Revelation 22:10 Commentary - The Cambridge Bible for Schools and Colleges
10. he saith ] Still, probably, the same angel. He speaks still more unmistakeably in Christ’s person, now that St John understands beyond mistake that he is not Christ Himself.
Seal not &c.] Pointedly contrasted with Dan 12:4; Dan 12:9. In Daniel’s time, both the coming of Antichrist and the deliverance from him were far off: Daniel was bidden to write what he saw and heard, but not to make it public, for it would be unintelligible till long after his own generation: at least till the typical persecution of Antiochus, and the typical day of vengeance and deliverance of the Maccabees. But to St John’s readers, all was to be as plain as an unfulfilled prophecy ever can be: except one detail (Rev 10:4) the whole vision is to be laid before the Church. It may be meant further, that the typical persecution of Nero was already within the Church’s experience, and that its typical revival under Domitian was to fall within the present generation.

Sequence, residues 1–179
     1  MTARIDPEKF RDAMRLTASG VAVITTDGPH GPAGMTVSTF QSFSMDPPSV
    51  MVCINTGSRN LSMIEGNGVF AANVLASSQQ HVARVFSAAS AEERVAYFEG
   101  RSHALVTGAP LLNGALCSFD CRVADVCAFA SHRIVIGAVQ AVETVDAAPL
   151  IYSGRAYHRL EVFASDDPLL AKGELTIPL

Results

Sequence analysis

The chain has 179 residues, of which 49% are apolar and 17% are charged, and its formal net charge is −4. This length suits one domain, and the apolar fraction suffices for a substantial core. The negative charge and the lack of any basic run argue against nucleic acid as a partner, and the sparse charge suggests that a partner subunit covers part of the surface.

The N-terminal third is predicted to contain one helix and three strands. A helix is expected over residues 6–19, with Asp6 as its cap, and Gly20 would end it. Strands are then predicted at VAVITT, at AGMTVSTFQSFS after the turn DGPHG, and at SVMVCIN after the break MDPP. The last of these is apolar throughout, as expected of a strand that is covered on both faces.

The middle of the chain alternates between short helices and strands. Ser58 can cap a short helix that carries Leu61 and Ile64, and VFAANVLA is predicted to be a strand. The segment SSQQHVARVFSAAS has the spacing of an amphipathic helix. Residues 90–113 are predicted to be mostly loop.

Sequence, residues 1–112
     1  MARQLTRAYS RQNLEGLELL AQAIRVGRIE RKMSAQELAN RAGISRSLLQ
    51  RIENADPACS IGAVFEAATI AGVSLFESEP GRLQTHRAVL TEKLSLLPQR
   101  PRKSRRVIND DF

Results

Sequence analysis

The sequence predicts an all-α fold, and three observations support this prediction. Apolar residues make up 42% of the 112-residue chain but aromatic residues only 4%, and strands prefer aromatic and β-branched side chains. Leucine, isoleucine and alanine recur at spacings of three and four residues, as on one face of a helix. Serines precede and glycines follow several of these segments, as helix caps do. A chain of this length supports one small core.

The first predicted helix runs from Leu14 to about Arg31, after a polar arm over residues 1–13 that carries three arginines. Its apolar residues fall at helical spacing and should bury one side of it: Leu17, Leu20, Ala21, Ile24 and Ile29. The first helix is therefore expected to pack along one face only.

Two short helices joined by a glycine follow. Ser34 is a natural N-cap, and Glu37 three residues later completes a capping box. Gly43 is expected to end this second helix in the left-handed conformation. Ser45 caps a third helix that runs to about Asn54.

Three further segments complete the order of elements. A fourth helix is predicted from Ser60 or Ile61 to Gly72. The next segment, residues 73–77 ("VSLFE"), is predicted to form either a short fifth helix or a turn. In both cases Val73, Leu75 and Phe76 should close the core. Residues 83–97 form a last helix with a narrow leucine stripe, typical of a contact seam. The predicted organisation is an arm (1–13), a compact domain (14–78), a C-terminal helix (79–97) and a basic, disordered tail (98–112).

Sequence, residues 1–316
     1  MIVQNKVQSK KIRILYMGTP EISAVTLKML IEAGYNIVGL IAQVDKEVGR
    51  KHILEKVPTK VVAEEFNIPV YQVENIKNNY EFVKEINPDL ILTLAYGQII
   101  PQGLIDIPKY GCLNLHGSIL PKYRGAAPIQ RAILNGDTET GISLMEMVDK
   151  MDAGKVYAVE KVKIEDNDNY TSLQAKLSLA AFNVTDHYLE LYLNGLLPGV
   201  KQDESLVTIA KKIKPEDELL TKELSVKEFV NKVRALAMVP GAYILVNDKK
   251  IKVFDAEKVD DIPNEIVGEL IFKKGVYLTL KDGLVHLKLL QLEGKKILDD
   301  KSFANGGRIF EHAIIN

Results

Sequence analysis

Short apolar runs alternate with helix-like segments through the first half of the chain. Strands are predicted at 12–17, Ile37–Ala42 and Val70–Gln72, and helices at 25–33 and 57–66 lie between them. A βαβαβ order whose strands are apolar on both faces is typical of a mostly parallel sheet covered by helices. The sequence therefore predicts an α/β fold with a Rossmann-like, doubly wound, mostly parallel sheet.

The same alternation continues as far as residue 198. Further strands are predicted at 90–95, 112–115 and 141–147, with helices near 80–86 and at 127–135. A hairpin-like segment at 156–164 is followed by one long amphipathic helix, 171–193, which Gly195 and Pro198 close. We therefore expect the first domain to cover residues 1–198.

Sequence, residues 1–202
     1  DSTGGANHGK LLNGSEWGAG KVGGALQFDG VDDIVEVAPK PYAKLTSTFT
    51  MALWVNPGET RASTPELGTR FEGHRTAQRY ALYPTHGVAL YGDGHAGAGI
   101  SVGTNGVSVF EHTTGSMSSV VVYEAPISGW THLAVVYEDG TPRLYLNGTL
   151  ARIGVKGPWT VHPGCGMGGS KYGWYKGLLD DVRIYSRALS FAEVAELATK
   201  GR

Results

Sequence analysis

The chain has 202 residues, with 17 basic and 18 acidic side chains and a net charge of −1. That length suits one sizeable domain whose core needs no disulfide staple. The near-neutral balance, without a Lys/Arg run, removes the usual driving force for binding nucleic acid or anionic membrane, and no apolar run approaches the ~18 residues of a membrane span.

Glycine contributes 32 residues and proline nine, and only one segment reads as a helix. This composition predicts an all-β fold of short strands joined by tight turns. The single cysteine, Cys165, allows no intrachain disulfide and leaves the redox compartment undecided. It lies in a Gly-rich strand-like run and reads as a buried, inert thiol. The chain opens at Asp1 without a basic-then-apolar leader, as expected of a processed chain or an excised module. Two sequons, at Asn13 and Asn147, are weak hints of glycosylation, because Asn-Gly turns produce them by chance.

for the time is at hand ] Son 1:3. Besides the fact that partial and typical fulfilments were nearer to St John’s age than to Daniel’s, it is intimated that the same age, the same dispensation under which St John and his readers lived was to last till the time of the end; while the Jewish age in which Daniel lived passed away long before the end. For in mere chronology the difference is slight: from St John’s day to the end is, as we know, more than 1800 years, and from Daniel’s more than 2400: in comparison with the longer period, the shorter can hardly be spoken of as short.
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The Cambridge Bible for Schools and Colleges
The Cambridge Bible for Schools and Colleges is a biblical commentary set published in parts by Cambridge University Press from 1882 onwards. Anglican bishop John Perowne was the general editor. The first section published was written by theologian Thomas Kelly Cheyne and covered the Book of Micah.
Perowne exercised limited editorial control over the writers of individual commentaries: his aim was "to leave each contributor to the unfettered exercise of his own judgment".